I took this picture a few weeks ago, from the Bay beach down the road from where I live. There it was. A gorgeous sunset, fading into a darkened sky with a quarter moon rising.
I live in a beautiful area in Cape Cod, Ma. For those who aren’t familiar with it, it’s along the northeast coast of the U.S. and I’m only 1/10th of a mile to the beach. It’s about a 4-5 minute walk and if you’re from New York City, we could shave off another minute or two.
I’m in one of the three towns referred to as the outer cape, which is closest to the tip. That is, the edge of land, just before it dives off into the sea. If you look at a map, you’ll notice how thin the strip is from Wellfleet to Provincetown.
There’s not much room between the ocean and bay. I can often hear the ocean on the bay side, especially at night. The beach is plentiful with oysters, which I don’t like, even though they’re famous throughout the east coast and perhaps the country. I never took a survey. Clams are more challenging and harder to find, because you have to dig. I never seem to find any. Of course I like them. Clam chowder, Clam sauce with pasta, both red and white, Clams casino, baked stuffed, fried. You name it.
What strikes me most about this area, is the natural beauty. I see foxes all the time, especially in the off-season. It scared the hell out of me the first year I was here. After several conversations with the animal control officer, I found out there was no rabies here, so now when they cross my path, I welcome it. This year they are gorgeous. Probably a result of the mild winter, which made it easier to find food.
I talk to them and the birds and chipmunks and squirrels. I know, some of my city friends might think I’m crazy. But most of them understand me.They know how much an animal opens my heart. They have much better intuition than we do. Society breeds it out of us by middle school, when we’re taught to think and rationalize. Feelings are often suppressed and gut instinct is taken lightly. It’s too bad really. We’re born with instinct for a reason. I wish somewhere in the curriculum we were encouraged to keep it and use it more.
Animals know when it’s safe and when they are threatened. They usually stop and look at me. They are now often out mid-day and the animal control officer here said they’ve changed their schedules. They have learned to work around us. Construction goes on during the day, especially from early spring to late fall. So now, they can’t sleep during the day with all the noise. They probably got migraines with all the damn banging. They’ve adapted. Now they sleep at night, much like we do.
The evening sky is black. There are no street lights here, so I always carry a flashlight. The path to my house is lined with solar lights that my neighbor calls the airport. Hey, I’m a former city girl, What does he expect ? The advantage to the darkness is that the sky is incredible. A thousand stars break through and although I often get confused about the constellations, I still try to figure them out. I keep promising myself an astronomy course. But for now, I can watch a night sky for an hour. No light show, really. Just the magnificence of blinking stars, in their natural rhythm.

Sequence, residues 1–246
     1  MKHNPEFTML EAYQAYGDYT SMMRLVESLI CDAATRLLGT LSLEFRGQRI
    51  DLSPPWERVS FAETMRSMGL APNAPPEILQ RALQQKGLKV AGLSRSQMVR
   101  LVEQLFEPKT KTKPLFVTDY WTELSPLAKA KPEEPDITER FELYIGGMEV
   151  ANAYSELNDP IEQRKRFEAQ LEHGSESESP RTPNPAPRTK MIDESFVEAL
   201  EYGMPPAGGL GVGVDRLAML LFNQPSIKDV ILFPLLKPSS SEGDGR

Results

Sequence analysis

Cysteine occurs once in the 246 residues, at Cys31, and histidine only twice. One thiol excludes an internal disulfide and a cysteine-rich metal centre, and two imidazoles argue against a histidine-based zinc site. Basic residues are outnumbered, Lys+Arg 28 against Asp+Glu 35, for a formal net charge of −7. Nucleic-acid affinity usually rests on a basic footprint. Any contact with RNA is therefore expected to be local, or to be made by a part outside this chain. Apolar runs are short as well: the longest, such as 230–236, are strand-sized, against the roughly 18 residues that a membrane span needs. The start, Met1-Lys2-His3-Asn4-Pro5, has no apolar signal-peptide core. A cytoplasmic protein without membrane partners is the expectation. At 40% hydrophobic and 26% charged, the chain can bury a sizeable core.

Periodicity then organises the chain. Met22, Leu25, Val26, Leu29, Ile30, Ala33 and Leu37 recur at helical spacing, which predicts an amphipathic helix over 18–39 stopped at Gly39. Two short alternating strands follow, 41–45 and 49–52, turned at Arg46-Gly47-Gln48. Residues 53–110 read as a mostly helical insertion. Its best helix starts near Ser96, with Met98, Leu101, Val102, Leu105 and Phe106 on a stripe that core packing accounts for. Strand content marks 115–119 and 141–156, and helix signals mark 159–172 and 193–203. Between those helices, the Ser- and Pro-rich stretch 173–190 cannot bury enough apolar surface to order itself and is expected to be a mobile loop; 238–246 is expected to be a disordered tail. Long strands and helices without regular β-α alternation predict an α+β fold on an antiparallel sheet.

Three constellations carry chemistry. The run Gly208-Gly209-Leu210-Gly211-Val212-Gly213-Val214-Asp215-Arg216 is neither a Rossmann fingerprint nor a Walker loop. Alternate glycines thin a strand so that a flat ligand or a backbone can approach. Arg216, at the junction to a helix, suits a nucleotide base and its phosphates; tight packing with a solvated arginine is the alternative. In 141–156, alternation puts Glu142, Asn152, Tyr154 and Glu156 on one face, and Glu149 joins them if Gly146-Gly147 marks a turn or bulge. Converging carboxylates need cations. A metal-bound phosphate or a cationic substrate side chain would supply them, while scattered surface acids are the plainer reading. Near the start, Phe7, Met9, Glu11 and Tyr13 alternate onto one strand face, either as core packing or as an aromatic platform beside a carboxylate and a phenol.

I now know the names of many different birds. I watch them at the feeders I fill each day. My first year here, I had a Flicker woodpecker and they’re beautiful. Larger than the Downey. I would study it from the window, as I sipped coffee a short distance away. I watched as it turned itself upside down and hung on the suet tray. My head would explode if I was ever in that position for so long. Did you know a Goldfinch doesn’t look like a Goldfinch over the winter ? I didn’t. The yellow is so dull, it fades into the fold of the feathers. Come spring, the vibrancy of color, screams from the belly.
This is a wonderful place to write. The environment quiets the soul. It is conducive to read, think, feel the calm and peace. I walk outside and the air inhales me. I exhale it back. But at times, in the midst of Winter, it can feel isolated. We are miles from grocery stores, let alone a shop of any kind. Until the Spring, when doors open and dust evaporates from the shelves. In the interim, for us year round people, we can always consider shopping at the small, privately owned food market in the village. You will leave paying a portion of a mortgage. Natural eggs are $7.00, so you have to really think how badly you want them, or how deep your pockets are.
The cost of living in the midst of beauty is high. But even if I go broke, I’ll never regret it. I’d never trade in this time of turning inward, becoming more reflective and introspective. I’d never reverse how much I learned about fixing things and painting and figuring things out myself. There were times I felt insanely challenged and tested. There were times I became frustrated that no one was around to help. But.. in the end, I found out how much I could do, how methodical I can be, how stimulated my brain has become by re-wiring it, when it got used in ways it hadn’t before. I had to figure out things, I hadn’t a clue about before.
But I did it. I feel empowered. I feel smart. I have pushed the envelope in ways I never could have perceived. My friends thought I’d last a few months at most out here alone. It’s been 3 years and I’m good. In fact, I’m great. There’s only one problem. There’s little employment opportunities. There’s very little industry to sustain a steady income. This is predominantly a seasonal industry. So that’s the next big hurdle. I have to figure out a way to stay. Ideas ?